The novelty of online worship quickly wore off and evidenced that live streaming services is not a viable option for the true church. Since everyone was trapped in their homes and apartments, church came via the same route as the entertainment many binged to pass the time. There was very little difference between Tiger King and church in terms of medium. (Surely your church is vastly different than Tiger King in all other regards)

Nevertheless, Facebook Live, Zoom, and whatever other platforms utilized, are not 1:1 corresponding substitutes for gathered, corporate worship. Most notably, you are either participating by yourself or with your family; there is no one to greet, fellowship with, or be accountable to (chat boxes within all of those platforms are more of a nuisance than a help). Further, many churches do not have the technical ability to stream services in a glitch free manner (thereby diminishing the hoped for experience) and some members were surely cut off for lack of their own reliable access.

It is almost unnecessary to state that physical attendance is not the same as watching it through a screen. We see this in many facets: concerts are far more enjoyable in person, the popular Zoom activity of ‘riding a rollercoaster together’ is in no way comparable to actually riding the thing, and while video chats are supremely helpful (especially for missionaries and their families), they are a meager substitute for sharing a meal and being in proximity together. The digital, as enjoyable and magnificent as it can be, is only a shadow of the full experience it depicts.

Other churches sought to use their abilities and seized the opportunity to conduct themselves in the same manner as streaming services by transforming their regular practice of gathered worship into an on-demand experience. According to Barna, 29% of “practicing Christians” (those who attend church at least once a month) took advantage of that feature. The Lord’s Day was fit elsewhere in the week; feeding the consumeristic stripe of American evangelicalism. Church shifted from God calling His people together to His people seeking to call Him for worship when they pleased.

The shift to online also necessitates a shift in pastoral care. (This does not include the fact that many pastors were barred from visiting sick parishioners and could no longer make home visits or counsel around the city) Even though it is well documented that the almost entirely digitized life under quarantine has some significant drawbacks and problems, only 30% of practicing Christians indicate that they have had contact with pastors during the previous month.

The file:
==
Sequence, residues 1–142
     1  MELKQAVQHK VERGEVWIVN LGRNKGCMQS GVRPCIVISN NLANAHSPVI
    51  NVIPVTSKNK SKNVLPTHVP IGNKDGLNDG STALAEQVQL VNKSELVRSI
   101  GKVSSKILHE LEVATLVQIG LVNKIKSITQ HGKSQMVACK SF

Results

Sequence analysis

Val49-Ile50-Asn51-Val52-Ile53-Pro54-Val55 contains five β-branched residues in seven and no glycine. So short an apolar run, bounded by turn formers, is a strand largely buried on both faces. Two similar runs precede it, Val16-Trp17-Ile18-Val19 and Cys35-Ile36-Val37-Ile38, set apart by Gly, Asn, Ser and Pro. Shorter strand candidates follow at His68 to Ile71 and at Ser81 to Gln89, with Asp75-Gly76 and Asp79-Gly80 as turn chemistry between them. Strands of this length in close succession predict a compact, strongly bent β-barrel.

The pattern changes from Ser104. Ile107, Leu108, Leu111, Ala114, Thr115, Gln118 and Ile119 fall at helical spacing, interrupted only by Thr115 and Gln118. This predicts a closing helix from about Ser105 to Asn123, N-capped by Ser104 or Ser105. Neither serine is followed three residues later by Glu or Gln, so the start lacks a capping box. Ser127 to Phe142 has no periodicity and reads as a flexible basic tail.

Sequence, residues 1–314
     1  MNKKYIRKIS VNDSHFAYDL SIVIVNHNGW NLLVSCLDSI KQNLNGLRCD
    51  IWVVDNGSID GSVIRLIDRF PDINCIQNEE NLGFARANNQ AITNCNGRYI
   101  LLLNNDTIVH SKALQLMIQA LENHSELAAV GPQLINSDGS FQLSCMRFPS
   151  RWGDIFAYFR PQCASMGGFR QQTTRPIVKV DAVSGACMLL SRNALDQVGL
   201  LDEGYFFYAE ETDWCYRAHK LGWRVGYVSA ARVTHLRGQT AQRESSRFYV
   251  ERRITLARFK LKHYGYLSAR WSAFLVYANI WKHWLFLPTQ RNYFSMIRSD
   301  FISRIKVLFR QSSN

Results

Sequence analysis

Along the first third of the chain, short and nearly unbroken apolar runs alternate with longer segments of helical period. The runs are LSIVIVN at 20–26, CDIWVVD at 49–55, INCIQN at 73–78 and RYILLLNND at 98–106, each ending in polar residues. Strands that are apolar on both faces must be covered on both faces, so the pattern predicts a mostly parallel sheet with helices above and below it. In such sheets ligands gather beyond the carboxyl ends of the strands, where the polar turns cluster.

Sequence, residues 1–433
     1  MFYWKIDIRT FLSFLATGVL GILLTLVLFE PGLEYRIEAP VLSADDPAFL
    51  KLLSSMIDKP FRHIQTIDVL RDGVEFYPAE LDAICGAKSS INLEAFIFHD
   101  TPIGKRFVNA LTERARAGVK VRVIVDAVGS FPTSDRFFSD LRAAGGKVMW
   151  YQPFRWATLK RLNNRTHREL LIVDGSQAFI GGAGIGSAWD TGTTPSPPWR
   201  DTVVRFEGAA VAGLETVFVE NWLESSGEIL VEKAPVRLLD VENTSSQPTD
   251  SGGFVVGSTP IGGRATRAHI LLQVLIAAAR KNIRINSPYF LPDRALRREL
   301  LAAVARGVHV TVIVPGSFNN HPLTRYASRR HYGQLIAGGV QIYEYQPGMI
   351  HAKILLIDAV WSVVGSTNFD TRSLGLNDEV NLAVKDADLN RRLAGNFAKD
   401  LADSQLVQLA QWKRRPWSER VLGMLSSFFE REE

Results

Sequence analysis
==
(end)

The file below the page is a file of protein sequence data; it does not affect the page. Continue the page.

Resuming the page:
Congregants easily skip or tune out the live service.

Since work, school, and entertainment are coming through the same channel, church is no different; in fact, by the end of a week of digital overload and Zoom fatigue, church seems laborious. As such, congregants rationalize skipping altogether or distract themselves with other pursuits while the service plays in the background.

Barna has been researching this shift in church since March and although they are still gathering data, some startling data has already been published:

  • As of June 3, 48% of those who had previously attended church in the last 6 months had not streamed a church service in 4 weeks.
    • 15% of practicing Christians multitasked during the stream.
    • Only 42% of practicing Christian households watch the service at the same time together.
  • As of July 8, 1/3 of practicing Christians had stopped attending online services altogether. (What was found was that those who continued to stream their pre-quarantine church were more likely to continue streaming)
    • 50% of the practicing Millennials have stopped attending.

At least in the United States, the application of quarantine restrictions became unduly heavy handed and obviously partial.

Liquor stores, casinos, and abortion mills could remain open, but church was deemed too risky; hundreds could crowd and stand in line at Walmart, but a congregation of 50 was deemed pathologically deadly to a community. Thousands could break social distancing to crowd the streets, riot, destroy public and private property, pummel bystanders, and hold city blocks hostage; congregations of hundreds were labeled non-essential and hazardous to the public. Contact tracers and law enforcement hovered with baited breath around churches that continued to meet but laid not a finger upon the thousands filling the streets; media tripped over themselves to narrate that home parties and churches, not protests, were the true cause of COVID case spikes.